Although abortion is not explicitly condemned in scripture, child sacrifice is. The only significant difference between abortion and child sacrifice are the means by which the child is killed. During an abortion, the killing occurs at a slightly earlier stage of human development.
In the Old Testament the child was sacrificed to Moloch and Baal, whereas today it is commonly the false gods of convenience and autonomy. The church father Tertullian observed from the Carthaginian practice of child sacrifice that ‘…there is no difference as to baby killing whether you do it as a sacred rite or just because you choose to do it.’
4. Science tells us that abortion kills a human being
Although science cannot tell us what is right or wrong, it can tell us that from the earliest stages of human development that the unborn are distinct, living and whole human beings. This fact is confirmed in the leading Embryology textbooks. Keith L. Moore & T.V.N. Persaud write, 'A zygote is the beginning of a new human being. Human development begins at fertilization, the process during which a male gamete or sperm … unites with a female gamete or oocyte … to form a single cell called a zygote. This highly specialized, totipotent cell marks the beginning of each of us as a unique individual.’
Even prominent philosophical defenders of abortion ‘rights’ like Peter Singer admit that abortion always kills a human being, however, Singer would go even further and argues that killing newborn infants may also be permissible for a short period.
Science shows us that we do not develop into humans but as humans and our history is always a human one, albeit with times of significant development, decline and change.
Whatever our excuses for previously being ignorant or unaware, abortion always kills a human being and not a clump of cells. It speaks to the success of those who support and promote abortion that so many of us no longer connect the term abortion with an act of violence against a fellow member of the human community.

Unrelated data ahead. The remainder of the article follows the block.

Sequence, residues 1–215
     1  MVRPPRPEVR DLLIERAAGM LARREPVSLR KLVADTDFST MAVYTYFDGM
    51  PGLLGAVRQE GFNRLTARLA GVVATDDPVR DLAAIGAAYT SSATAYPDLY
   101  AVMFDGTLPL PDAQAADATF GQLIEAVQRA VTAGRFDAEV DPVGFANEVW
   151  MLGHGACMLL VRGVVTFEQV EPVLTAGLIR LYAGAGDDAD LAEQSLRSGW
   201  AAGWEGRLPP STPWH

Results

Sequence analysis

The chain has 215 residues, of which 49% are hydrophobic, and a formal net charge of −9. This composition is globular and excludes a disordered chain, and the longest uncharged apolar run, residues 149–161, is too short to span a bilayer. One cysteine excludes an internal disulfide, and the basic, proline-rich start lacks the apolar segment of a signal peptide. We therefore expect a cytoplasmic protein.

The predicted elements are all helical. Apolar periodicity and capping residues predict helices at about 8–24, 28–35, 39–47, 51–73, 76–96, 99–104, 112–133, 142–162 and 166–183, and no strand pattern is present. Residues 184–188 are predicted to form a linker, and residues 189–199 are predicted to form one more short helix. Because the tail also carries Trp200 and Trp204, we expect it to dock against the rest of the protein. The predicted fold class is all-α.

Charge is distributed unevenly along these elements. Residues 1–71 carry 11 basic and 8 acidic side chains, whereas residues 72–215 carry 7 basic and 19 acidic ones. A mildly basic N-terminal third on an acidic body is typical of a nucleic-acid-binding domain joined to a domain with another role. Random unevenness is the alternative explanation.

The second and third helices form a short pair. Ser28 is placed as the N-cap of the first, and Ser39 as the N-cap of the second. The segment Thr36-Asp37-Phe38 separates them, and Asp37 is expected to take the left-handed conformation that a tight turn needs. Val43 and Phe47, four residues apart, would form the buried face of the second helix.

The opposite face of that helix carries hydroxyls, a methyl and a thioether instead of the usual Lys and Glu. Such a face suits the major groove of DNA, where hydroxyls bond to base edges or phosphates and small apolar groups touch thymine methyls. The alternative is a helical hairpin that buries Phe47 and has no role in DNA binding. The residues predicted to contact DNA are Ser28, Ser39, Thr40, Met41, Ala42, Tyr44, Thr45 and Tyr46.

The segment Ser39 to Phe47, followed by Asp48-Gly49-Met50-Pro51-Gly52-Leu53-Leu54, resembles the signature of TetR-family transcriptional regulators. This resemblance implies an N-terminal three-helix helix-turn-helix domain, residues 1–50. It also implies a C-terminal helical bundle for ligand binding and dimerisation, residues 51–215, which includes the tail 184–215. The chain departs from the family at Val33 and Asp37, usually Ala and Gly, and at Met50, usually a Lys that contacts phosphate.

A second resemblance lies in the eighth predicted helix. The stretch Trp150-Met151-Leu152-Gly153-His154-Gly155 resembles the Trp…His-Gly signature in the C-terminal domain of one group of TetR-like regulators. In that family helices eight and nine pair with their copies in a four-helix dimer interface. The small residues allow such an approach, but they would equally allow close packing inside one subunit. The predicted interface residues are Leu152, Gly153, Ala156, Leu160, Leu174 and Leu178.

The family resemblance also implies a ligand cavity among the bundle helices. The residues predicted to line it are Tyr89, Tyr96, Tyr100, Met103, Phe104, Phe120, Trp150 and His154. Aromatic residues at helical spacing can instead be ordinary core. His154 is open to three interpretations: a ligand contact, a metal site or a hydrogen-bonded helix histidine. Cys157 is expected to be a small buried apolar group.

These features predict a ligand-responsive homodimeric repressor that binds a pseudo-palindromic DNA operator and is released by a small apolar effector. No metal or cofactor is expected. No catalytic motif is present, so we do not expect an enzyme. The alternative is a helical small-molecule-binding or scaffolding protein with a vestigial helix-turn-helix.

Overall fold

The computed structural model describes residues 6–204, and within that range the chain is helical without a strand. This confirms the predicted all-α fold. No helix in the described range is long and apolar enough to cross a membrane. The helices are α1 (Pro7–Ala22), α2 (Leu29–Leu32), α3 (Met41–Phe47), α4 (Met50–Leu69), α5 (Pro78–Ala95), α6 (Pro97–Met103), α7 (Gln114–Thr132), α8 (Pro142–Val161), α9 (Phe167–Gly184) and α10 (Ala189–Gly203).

What to do now?
Being pro-life isn’t a popular view, but if you're a Christian and were looking for a comfortable worldview where everyone celebrates what you believe, then you chose the wrong saviour to follow. Abortion is an injustice that no Christian should support. Instead we must challenge the views of our culture and demonstrate love and grace to women in a crisis pregnancy.
Christian leaders must speak up and train and equip their congregations to be respectfully and reasonably pro-life. They must also encourage believers to pursue forgiveness for their involvement in abortion and to create a culture that values life from its beginning to end.
The evangelical community has been complacent for too long and this must change now, we must stop being intimidated by a culture that worships autonomy and instead ‘overcome evil with good’.
Daniel Rodger is the husband of one wife, father of one daughter and a Pro-life apologist with the Life Training Institute. He also runs the UK Apologetics facebook group.
Unbelievable? presenter Justin Brierley blogs on all things theology, apologetics and ethics.